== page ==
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UnDisciplined: January Science News Roundup

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In January, China successfully landed a robotic probe on the dark side of the Moon.

In UnDisciplined's first ever monthly science news roundup, we're joined by three researchers, plus a fellow science enthusiast, to take a look at recent science news through a bunch of different perspectives. 

Science news we're excited about this month includes:

  • China's successful landing of a robotic spacecraft on the dark side of the Moon
  • A study in the journal Science Advances indicating it might be time to reconsider the blend of sugars, salts, vitamins and amino acids used for the past 60 years by researchers who want to grow and study animal cells in the lab
  • Four new papers suggesting whale songs are much more complex than we previously thought
  • New research in Journalism & Mass Communication Quarterly that found people over the age of 65 are much more likely to share fake news on social media than other age groups 

We're joined by herpetologist Grace DiRenzo, who studies the ecology of disease, population and communities and last joined the show in October to talk about tropical animals that have evolved to beat deadly diseases.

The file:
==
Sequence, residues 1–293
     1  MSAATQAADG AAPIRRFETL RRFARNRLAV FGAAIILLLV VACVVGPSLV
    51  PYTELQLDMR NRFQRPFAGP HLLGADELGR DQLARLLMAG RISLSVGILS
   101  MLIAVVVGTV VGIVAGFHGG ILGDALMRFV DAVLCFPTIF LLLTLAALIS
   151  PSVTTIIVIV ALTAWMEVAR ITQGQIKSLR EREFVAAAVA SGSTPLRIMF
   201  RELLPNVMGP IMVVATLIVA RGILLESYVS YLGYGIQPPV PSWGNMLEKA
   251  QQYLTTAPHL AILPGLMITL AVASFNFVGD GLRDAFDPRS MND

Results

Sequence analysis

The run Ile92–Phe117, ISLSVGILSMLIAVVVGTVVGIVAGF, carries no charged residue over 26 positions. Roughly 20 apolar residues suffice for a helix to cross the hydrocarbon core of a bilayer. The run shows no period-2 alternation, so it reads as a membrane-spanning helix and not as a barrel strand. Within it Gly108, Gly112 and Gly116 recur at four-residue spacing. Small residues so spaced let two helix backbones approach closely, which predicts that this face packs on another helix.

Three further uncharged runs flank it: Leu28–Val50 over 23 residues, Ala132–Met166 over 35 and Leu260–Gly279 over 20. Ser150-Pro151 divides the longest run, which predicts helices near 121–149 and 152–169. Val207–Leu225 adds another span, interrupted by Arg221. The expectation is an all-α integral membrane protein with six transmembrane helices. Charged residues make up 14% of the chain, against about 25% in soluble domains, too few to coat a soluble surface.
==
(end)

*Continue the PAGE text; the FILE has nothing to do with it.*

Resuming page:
Also on the line is Shefali Patil, an expert on organizational and group decision-making who last joined us in November when we talked about the ways fear and misunderstanding play into the on-the-job decisions of police officers. 

Joining us in the studios of KCPW at Library Square in Salt Lake City is biologist Joseph Wilson, who was kind enough to talk with us again just a few weeks after his UnDisciplined debut.  Wilson helped identify hundreds of new species of bees in Utah's Grand Staircase-Escalante National Monument. 

Also in studio and making her debut on UnDisciplined was Sheena McFarland, a communications professional and former journalist with a degree in biology teaching who remains an ardent science enthusiast. 

Matthew LaPlante has reported on ritual infanticide in Northern Africa, insurgent warfare in the Middle East, the legacy of genocide in Southeast Asia, and gang violence in Central America. But a few years back, something donned on him: Maybe the news doesn't have to be brutally depressing all the time. Today, he balances his continuing work on more heartbreaking subjects by writing books about the intersection of science, human health and society, including the New York Times best-selling Lifespan with geneticist David Sinclair and the Nautilus Award-winning Longevity Plan with cardiologist John Day. His first solo book, Superlative, looks at what scientists are learning by studying organisms that have evolved in record-setting ways, and his is currently at work on another book about embracing the inevitability of human-caused climate change with an optimistic outlook on the future.